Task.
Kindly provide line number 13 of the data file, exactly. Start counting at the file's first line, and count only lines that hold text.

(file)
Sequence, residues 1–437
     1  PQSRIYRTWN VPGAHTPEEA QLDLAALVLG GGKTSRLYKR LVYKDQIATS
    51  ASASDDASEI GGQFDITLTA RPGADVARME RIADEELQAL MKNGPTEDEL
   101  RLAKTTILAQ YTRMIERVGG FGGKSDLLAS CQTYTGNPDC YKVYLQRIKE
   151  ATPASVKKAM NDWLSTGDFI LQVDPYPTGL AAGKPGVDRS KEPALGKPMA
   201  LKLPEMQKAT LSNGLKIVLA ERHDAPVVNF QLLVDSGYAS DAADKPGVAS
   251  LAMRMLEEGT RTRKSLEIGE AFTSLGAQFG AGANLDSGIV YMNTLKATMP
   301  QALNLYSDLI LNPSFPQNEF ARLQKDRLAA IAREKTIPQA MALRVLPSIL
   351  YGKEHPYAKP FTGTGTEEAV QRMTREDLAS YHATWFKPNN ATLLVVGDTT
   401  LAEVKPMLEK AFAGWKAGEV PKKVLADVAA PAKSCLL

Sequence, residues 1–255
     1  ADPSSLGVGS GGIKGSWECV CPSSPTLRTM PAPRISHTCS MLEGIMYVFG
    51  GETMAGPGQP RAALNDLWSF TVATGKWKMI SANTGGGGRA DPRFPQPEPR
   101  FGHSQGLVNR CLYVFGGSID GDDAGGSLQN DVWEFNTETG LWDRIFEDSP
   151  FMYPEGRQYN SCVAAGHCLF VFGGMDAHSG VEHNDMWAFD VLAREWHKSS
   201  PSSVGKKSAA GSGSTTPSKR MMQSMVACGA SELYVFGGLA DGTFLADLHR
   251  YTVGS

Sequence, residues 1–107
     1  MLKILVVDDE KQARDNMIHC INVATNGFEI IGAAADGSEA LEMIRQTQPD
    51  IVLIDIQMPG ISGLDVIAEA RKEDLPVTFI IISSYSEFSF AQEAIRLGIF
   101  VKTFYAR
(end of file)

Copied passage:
    51  GETMAGPGQP RAALNDLWSF TVATGKWKMI SANTGGGGRA DPRFPQPEPR